Sure you could say that people's experience of something like sweetness is subjective, but you could say the same thing about spiciness.
Yes, and Wikipedia has a brief summary of these scales (with some further details in other portions of the article and the links).
Basically, at least four of the five recognized primary "tastes" have a reference compound that other foods are compared to subjectively. For sweetness, a solution containing the test compound is diluted until sweetness can barely be detected by a human taster (similar to the Scoville scale). Sucrose is given the reference value of 1 (or sometimes 100). Sourness is similarly rated in comparison to a dilute hydrochloric acid solution, saltiness is rated in comparison to a dilute table salt (sodium chloride) solution, and bitterness is rated relative to a dilute quinine solution. (I've not heard of any similar scale for umami.)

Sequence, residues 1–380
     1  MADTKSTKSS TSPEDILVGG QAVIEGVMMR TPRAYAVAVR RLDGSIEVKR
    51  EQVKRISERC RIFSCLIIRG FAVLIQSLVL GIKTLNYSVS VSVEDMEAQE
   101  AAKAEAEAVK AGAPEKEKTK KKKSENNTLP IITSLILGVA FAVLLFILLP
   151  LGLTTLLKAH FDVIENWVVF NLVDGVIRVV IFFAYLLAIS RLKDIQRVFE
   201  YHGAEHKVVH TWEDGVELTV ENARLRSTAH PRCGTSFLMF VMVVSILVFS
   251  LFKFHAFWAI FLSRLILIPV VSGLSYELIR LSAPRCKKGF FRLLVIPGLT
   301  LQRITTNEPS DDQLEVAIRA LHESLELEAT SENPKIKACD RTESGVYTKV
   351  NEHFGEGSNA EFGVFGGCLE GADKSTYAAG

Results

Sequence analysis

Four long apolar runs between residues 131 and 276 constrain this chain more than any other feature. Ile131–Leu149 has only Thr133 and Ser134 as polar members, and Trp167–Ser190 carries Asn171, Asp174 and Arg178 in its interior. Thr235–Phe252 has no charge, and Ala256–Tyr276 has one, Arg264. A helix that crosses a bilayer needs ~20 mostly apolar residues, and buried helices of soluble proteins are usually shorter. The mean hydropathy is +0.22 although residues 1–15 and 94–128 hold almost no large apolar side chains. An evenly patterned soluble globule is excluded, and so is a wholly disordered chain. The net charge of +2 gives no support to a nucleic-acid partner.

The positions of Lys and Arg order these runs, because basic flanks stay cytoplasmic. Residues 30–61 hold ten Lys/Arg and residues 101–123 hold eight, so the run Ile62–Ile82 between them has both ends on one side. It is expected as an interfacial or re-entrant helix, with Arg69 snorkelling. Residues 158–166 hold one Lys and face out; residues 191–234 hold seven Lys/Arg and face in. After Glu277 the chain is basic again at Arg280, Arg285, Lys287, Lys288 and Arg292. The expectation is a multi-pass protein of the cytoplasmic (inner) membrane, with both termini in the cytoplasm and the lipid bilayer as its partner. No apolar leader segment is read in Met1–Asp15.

In most cases, the reference compound is given a value of 1. The most common way to reference these scales is as the "[taste] index," as in "Citric acid has a value of 0.46 on the sourness index," which means it has to be diluted slightly less than half of how much hydrochloric acid would be for it to be on the threshold of human sourness detection.
(By the way, while these scales show us something, they are mostly useful for comparing single pure substances. For culinary purposes, their value is somewhat limited by the complex interactions among various tastes and flavor components. Even individual substances can change flavor depending on environment: for example, a complex molecule may taste relatively neutral at neutral pH, but with increased acid and thus sourness, it may acquire a salty flavor.)